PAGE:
Unless you’re one of the rare few who are independently wealthy, you need a car to get around. That means putting yourself in the position of having to contend with traffic, gridlock, poor roads and infrastructure, inclement weather, inconsiderate, rude or distracted drivers, oblivious pedestrians, road hazards and other negatives.

Some cities, however, are worse than others. A new study from WalletHub sheds light on just which of 100 cities are a nightmare for driving, as well as those that rank high on the driving pleasure list. The metrics considered include average gas prices to average annual hours of traffic delays to number of auto repair shops per capita.

10 Worst Cities for Drivers

Starting with the worst first, drivers have more grief than good times in the following 10 American cities:

#100. Washington, D.C.

#99. Detroit, Michigan

#98. San Francisco, California

#97. Chicago, Illinois

#96. Philadelphia, Pennsylvania

#95. Baltimore, Maryland

#94. Oakland, California

#93. New York, New York

#92. Seattle, Washington

#91. Boston, Massachusetts

Photo by Ryan McGuire

Photo by Ryan McGuire


10 Best Cities for Drivers

On the other end of the spectrum, the following 10 cities rank as the best for drivers:

#1. Scottsdale, Arizona

#2. Tucson, Arizona

#3. Corpus Christi, Texas

#4. Gilbert, Arizona

#5. Mesa, Arizona

#6. Chandler, Arizona

#7. Reno, Nevada

#8. Laredo, Texas

#9. Las Vegas, Nevada

#10. Tampa, Florida

Car theft in progressInterestingly, five of the top 10 cities for drivers are in Arizona. Gilbert and Chandler are #2 and #5 for lowest car rate theft.

Boston, meanwhile, has the dubious distinction of the highest average two-hour parking rate at $23.79. Beantown also has the lowest number of auto-repair shops at 22.51 shops per 100,000 residents.

Chicago has the highest average gas price at $3.02 per gallon and Washington, D.C. has the most average annual hours of traffic delays per car commuter at 82.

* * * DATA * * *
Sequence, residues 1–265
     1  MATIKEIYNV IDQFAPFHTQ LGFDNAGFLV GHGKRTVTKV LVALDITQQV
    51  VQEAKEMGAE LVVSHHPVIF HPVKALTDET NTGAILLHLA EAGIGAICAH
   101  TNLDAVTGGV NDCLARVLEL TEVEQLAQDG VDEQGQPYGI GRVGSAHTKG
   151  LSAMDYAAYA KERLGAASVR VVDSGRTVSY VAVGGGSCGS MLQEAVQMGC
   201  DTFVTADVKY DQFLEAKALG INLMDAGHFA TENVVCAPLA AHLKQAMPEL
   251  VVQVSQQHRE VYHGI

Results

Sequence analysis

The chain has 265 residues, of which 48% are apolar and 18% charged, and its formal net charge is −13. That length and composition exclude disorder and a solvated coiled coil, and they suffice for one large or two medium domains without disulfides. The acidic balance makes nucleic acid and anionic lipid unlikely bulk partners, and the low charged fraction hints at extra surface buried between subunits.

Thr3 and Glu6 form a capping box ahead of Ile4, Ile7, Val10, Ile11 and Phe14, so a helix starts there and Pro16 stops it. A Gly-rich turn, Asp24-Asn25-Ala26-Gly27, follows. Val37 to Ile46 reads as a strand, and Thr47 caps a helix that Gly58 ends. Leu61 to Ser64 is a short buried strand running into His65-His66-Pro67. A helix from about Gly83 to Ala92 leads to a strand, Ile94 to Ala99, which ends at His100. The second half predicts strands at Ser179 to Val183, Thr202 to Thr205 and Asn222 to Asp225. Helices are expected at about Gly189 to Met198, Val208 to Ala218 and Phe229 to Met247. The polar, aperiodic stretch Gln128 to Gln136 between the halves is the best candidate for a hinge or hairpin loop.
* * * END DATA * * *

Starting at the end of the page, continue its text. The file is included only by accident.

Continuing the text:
Time to Find a Better Route?

One of the statistics WalletHub points out is that drivers spend an annual average of 200 hours on the road. Add to that an additional 41 hours stuck in gridlock. Think what you could do with an extra 241 hours a year? How about taking a six-week vacation?

Maybe that’s out of the question, but alternatives to nightmare driving might be worth considering. Telecommuting could be an answer, as could working four-day workweeks, staggering hours, even finding a different job closer to home.

The prospect of self-driving cars, while not yet a reality or even a realistic near-term solution, could ease some of the pain of driving in America’s most congested and worst-for-drivers’ cities. Just not yet.

What are some of the solutions you’ve come up with to help you cope with your commute? And giving up work entirely isn’t one of them that should be on the list. We’d love to hear your creative ideas, so feel free to share them in the comments below.

We’ve got one, although it probably would only work in certain locations: Create an autonomous-car only highway that’s situated above existing freeways. As you zip along over the parking lot below, try not to be too smug about it while you’re reading the Wall Street Journal, sipping your latte or playing games.

 

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